Today, on International Day of Women and Girls in Science 2022, I can share that Rebecca and I are now embarking on our project ‘NoMenClature’ – a collaborative project between poet and scientist resulting in the exploration of the culture of women in science. The aim is to highlight and celebrate chemists who are also mothers and to use poetry to disarm and address pervasive misperceptions about women in chemistry. Longer term, we hope to expand the project to include women working in other STEM disciplines. We are thrilled to have been awarded seed funding from the Wellcome Trust (Institutional Strategic Support Fund) and the Royal Society of Chemistry Inclusion and Diversity Fund. My poems will be profiling the lives of important women from the UK and abroad, exploring the paths their lives have taken and what it means to be a scientist, and to be a mother.

Dr Rebecca Goss’s research has been recognised through a series of national and international awards, and she has given over 120 invited research lectures globally. Discover more about all that she has achieved, and is achieving, here: https://risweb.st-andrews.ac.uk/portal/en/persons/rebecca-goss(67793718-7888-4ff5-9d92-5e4f0b6d3d41).html

After first speaking with Rebecca, I wrote ‘Nomenclature’, a poem that can be found in my most recent Carcanet collection Girl, first published in The White Review. It’s about the sharing of our name, a fact I mention casually these days, but I do think it brings something unique to what Rebecca and I do together now and in the future. Here’s the poem, and here’s to more…



They were meant to know each other

in this piece of countryside.

They were meant to clamber its stiles,

show us the fields as they saw them.

They were meant to know seasons,

conduct fair-headed inspections

of bark, coevals at a river’s edge.

They were meant to know distance

and run ahead with the dog.

They were meant to know birdsong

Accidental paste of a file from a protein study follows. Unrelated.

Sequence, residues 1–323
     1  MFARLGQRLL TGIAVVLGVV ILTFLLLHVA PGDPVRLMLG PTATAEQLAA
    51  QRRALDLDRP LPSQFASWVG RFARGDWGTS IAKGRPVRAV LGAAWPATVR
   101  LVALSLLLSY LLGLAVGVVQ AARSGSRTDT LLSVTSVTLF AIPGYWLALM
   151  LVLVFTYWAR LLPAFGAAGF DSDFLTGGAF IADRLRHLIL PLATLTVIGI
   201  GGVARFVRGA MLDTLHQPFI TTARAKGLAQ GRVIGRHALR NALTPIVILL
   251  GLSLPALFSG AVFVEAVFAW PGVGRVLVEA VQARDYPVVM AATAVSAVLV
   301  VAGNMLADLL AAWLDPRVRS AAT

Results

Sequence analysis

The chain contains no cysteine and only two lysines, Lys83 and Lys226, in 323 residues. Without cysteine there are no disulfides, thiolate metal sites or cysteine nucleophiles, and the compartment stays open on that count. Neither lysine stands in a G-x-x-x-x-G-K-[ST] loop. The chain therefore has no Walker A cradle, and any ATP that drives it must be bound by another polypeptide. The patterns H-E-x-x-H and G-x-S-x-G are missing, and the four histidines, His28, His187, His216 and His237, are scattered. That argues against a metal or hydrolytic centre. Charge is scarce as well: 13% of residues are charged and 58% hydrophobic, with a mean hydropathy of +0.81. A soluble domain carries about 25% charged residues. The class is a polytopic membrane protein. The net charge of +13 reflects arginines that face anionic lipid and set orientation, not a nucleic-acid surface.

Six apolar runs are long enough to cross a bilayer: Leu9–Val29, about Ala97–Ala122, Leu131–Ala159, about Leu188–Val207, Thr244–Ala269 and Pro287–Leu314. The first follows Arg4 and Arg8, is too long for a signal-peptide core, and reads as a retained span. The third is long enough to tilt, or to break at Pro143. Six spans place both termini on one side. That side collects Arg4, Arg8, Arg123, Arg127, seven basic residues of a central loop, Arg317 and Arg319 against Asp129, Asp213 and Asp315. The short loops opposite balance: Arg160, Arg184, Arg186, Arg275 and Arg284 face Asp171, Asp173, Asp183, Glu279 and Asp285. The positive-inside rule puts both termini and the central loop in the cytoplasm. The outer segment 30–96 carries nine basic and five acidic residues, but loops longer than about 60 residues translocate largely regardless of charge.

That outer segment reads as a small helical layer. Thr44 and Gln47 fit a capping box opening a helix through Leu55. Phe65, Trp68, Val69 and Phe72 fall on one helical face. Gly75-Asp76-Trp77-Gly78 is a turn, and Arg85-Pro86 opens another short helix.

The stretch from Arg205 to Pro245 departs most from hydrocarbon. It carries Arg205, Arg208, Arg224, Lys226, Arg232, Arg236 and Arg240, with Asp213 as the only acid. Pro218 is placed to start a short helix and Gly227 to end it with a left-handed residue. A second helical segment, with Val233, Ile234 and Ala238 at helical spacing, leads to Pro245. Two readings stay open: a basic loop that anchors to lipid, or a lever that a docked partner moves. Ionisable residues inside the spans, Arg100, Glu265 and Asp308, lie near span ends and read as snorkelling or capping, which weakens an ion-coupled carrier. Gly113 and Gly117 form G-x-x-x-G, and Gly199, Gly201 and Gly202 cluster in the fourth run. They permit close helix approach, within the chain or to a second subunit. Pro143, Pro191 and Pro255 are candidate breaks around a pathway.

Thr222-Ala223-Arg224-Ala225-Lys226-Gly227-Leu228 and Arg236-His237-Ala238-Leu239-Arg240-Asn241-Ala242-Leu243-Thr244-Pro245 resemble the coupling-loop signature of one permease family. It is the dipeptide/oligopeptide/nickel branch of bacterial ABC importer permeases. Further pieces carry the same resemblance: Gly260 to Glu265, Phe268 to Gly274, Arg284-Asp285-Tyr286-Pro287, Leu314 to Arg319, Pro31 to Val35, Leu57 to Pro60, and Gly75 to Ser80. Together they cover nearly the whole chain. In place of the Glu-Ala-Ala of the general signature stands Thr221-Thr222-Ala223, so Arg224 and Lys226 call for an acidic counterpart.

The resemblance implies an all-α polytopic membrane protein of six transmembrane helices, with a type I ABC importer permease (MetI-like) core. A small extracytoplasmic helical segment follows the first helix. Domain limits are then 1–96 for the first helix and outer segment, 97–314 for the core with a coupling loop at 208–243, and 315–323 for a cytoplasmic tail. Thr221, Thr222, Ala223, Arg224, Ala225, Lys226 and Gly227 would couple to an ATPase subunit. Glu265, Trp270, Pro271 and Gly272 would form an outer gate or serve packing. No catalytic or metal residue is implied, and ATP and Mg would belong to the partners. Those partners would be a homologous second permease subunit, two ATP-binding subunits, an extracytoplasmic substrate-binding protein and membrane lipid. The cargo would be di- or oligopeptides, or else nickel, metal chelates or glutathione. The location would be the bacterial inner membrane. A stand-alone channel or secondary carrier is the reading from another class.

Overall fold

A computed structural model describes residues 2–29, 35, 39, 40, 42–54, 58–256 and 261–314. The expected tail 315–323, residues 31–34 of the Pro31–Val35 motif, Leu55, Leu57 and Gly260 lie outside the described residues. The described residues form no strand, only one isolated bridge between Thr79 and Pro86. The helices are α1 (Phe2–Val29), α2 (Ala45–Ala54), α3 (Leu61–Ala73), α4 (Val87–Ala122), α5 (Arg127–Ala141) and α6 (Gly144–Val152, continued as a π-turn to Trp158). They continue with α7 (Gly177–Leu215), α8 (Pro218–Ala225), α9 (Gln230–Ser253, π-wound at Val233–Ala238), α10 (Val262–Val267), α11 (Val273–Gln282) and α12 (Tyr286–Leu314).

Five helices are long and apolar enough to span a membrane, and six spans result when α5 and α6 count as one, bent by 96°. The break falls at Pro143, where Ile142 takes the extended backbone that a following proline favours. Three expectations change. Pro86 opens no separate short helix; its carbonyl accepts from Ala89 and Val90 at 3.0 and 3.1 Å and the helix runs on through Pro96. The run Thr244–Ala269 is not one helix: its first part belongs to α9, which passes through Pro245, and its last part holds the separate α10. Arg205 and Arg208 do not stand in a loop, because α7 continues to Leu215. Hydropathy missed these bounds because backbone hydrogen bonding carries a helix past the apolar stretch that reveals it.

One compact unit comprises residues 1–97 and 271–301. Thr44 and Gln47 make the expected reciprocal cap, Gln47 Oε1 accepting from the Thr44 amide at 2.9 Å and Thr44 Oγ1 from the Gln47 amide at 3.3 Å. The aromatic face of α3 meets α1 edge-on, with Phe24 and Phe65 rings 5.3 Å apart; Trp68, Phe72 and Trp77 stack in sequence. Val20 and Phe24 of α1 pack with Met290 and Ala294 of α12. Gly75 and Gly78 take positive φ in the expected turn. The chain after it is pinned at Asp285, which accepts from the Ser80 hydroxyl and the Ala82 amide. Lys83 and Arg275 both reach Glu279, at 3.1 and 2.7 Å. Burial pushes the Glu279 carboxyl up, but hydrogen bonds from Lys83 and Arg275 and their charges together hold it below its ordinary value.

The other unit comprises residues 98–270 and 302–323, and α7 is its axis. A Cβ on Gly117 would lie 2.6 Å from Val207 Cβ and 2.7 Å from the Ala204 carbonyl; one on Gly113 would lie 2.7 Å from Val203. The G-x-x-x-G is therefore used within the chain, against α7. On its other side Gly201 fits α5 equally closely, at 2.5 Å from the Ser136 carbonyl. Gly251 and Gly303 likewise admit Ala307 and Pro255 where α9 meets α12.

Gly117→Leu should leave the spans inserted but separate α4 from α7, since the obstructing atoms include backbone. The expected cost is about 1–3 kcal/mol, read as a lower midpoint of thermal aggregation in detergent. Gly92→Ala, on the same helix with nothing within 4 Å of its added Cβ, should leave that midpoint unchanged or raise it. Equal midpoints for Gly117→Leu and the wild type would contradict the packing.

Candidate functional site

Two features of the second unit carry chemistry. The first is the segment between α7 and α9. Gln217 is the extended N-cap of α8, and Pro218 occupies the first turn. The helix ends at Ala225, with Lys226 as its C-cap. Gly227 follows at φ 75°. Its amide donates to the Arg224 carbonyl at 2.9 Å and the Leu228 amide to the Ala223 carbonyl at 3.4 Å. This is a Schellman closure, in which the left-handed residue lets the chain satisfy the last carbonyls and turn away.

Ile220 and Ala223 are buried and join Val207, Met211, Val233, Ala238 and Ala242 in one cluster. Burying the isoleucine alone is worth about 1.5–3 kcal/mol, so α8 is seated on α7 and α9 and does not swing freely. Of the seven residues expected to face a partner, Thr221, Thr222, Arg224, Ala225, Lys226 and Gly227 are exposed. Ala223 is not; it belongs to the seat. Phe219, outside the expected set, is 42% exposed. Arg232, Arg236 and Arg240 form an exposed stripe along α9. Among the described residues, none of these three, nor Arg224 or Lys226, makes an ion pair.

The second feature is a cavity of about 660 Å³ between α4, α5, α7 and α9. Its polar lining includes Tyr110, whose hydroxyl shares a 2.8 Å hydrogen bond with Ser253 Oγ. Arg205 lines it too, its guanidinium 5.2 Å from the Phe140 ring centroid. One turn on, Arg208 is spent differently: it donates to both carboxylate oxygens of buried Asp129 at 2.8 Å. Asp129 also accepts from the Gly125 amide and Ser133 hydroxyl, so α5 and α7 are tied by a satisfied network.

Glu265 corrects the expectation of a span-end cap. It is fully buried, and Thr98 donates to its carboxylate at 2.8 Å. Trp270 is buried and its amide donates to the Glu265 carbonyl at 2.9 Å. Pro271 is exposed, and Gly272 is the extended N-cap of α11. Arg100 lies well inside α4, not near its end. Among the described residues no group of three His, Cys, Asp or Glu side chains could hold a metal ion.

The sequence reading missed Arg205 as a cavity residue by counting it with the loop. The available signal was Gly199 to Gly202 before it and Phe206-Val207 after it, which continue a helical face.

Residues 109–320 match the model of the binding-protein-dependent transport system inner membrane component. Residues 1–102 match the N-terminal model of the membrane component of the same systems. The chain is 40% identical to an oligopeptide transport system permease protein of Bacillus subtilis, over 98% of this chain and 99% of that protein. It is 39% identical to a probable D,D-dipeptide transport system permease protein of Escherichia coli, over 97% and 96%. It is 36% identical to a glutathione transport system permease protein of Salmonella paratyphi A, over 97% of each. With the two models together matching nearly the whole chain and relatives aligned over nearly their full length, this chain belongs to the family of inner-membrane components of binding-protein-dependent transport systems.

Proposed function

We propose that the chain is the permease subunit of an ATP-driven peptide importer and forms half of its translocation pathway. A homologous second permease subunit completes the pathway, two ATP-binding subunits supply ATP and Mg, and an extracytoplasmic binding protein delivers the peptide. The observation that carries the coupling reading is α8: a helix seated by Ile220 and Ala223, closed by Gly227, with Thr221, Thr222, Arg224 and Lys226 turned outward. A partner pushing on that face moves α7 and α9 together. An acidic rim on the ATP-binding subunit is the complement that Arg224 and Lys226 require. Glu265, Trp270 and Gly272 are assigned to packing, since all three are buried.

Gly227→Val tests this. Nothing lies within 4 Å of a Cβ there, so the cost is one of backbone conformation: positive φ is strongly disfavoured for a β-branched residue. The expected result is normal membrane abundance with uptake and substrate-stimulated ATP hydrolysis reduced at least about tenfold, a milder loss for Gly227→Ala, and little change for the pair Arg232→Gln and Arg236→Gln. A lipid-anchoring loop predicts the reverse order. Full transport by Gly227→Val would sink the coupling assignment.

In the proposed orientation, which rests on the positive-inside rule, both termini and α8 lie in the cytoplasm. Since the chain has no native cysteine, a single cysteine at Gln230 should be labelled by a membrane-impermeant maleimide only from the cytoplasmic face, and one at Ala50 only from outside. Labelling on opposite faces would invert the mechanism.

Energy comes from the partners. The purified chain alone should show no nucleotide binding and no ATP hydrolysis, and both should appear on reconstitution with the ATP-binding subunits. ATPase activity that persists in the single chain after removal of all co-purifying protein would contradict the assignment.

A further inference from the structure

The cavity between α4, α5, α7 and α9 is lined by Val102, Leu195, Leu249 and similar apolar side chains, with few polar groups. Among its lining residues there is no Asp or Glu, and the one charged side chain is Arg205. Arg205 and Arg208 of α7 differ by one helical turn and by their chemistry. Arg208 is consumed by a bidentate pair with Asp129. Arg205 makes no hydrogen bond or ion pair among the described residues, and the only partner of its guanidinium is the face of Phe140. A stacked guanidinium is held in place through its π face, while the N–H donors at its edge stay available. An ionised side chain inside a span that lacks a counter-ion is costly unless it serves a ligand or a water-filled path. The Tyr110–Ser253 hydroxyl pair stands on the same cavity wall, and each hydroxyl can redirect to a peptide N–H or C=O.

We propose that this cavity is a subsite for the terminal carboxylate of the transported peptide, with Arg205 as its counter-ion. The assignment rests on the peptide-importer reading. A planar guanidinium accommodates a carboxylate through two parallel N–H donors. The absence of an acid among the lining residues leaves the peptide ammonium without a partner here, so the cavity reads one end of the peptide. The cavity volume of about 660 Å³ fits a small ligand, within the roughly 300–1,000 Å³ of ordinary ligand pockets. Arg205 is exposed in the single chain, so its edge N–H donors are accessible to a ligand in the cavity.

and bracken and bees.

They were meant to know each other,

charting these lanes like we did.

They were meant to know rain

and slowworms, the berries

that bleed in a palm.

They were meant to climb

until my heart tipped,

come back down and argue

in the race to the ford.

They were meant to know rabbits

torn, opened,

and a muntjac’s stare

before the vanish into bramble.

They were meant to learn tracks

and to leave them,

and to know what it is to be lost.

They were meant to know each other,

and come to me with a clutch of cow parsley’s lace.

More new poems from my next collection can be read at Bad Lilies and London Magazine

WRITE Where We Are NOW

This poem was written in April 2020, during lockdown 1, for my very good friend Sarah and published/animated for Carol Ann Duffy’s project WRITE Where we Are NOW. I never intended to write lockdown poems, but the things I like to write about: friendship, motherhood, domestic spaces were, and still are, very much at the fore during lockdown time. Another WWWAN poem, about my daughter growing UP in my small crooked house can be read here.

On November 28th I’ll be reading at the launch of the new Against the Grain anthology Arrival at Elsewhere. An ambitious, moving book-length poem composed by an array of contemporary voices, all responding to the pandemic, curated by Carl Griffin. The book is available now and in aid of NHS Charities Together. Launch details here.

New role with the RLF

Lucy Cavendish College announces new Royal Literary Fund Fellow

Rebecca Goss